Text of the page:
Essays On The Consequences Of Demographic And Family Change: The Cases Of Teen Parenthood And Relationship Dissolution
Chapter 1 examines the impact of marital dissolution on women's school investment. Using the National Longitudinal Survey of Youth 1979 Cohort, I use a semiparametric model to estimate both short-term and long-term effects of marital dissolution on women's school enrollment and educational attainment . The results indicate that women's school enrollment increases by 28% three years after marital dissolution and that the impact of marital dissolution persists 8 yea rs after marital disruption. The impact of marital dissolution is largest for women with an education of a high school diploma or less. Furthermore, the share of income generated by the husband during marriage is positively associated with the magnitude of the marital dissolution effect. I also show that divorced women begin to experience an increase in completed years of education 6 years after marital dissolution, primarily because many of these women are part -time students. Chapter 2 uses variation in the effectiveness of child support enforcement to identify the effect of child support income on paid employment of single mothers. Employing data from the Survey of Income and Program Participation, I find that child support income has a positive effect on the paid employment of previously married single mothers; each $1,000 increase in child support income increases the likelihood of paid employment by 6.7 percentage points. The effect is localized to lower-educated single mothers, for whom a $1,000 increase in child support income increases the likelihood of paid employment by 18.2 percentage points. Chapter 3 uses data drawn from two cohorts of youth from the National Longitudinal Survey of Youth 1979 and 1997 (NLSY79 and NLSY97), we examine the r elationship between teen parenthood and various socioeconomic indicators, with careful attention to the role of family- and individual-level unmeasured heterogeneity. We find that teen mothers in the NLSY79 had a larger employment penalty than teen mothers in the NLSY97, but teen mothers in the NLSY97 had a larger poverty penalty than teen mothers in the NLSY79. The results for men suggest that much of the observed correlation between teen fatherhood and the socioeconomic outcomes studied dissipate when co ntrolling for unobserved family-level characteristics.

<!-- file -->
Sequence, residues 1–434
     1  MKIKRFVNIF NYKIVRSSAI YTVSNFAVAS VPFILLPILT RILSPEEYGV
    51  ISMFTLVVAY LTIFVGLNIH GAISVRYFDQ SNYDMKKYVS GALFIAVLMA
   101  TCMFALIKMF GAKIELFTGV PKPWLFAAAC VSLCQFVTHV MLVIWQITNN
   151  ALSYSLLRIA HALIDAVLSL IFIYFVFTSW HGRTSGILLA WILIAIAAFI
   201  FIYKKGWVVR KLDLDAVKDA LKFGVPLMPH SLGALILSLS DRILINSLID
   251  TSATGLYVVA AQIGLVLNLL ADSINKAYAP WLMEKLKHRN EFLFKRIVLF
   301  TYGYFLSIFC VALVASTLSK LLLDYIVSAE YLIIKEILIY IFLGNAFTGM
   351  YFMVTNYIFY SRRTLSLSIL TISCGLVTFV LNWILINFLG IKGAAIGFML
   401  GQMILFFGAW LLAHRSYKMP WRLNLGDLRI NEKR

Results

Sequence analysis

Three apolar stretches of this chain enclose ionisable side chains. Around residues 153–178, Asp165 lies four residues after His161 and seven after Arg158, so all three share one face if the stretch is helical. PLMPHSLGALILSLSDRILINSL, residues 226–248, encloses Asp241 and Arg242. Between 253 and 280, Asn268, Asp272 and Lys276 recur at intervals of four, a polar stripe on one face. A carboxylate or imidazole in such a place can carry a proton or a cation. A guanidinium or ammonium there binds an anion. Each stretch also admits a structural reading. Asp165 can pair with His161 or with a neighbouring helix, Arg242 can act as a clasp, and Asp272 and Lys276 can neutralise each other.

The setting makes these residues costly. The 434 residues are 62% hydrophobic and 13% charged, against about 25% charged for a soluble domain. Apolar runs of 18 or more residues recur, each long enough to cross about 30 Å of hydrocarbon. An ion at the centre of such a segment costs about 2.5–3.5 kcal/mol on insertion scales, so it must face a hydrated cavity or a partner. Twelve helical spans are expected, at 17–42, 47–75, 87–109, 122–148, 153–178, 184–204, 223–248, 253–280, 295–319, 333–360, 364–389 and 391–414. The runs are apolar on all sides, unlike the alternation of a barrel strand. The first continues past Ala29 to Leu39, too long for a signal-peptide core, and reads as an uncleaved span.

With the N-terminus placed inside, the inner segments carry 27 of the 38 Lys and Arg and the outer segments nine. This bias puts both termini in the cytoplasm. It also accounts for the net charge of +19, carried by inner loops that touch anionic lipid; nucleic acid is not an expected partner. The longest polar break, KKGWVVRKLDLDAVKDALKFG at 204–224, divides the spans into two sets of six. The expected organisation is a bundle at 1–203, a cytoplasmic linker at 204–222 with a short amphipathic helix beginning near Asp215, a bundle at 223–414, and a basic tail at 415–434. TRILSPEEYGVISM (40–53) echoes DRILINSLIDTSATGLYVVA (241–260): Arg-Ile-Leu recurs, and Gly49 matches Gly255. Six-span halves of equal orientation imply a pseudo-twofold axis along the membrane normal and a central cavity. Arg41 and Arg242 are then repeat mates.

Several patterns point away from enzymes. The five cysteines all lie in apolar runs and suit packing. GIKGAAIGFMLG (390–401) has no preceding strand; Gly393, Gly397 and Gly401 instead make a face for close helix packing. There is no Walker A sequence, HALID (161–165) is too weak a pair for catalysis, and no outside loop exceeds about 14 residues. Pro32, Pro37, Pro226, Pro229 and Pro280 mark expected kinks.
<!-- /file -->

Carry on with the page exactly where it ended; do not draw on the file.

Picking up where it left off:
Marital Dissolution; Employment; School Enrollment; Teen Parenthood; Employment
Peters, H. Elizabeth
Blau, Francine D; Lovenheim, Michael F; Lichter, Daniel T.
Ph. D., Economics
Doctor of Philosophy
dissertation or thesis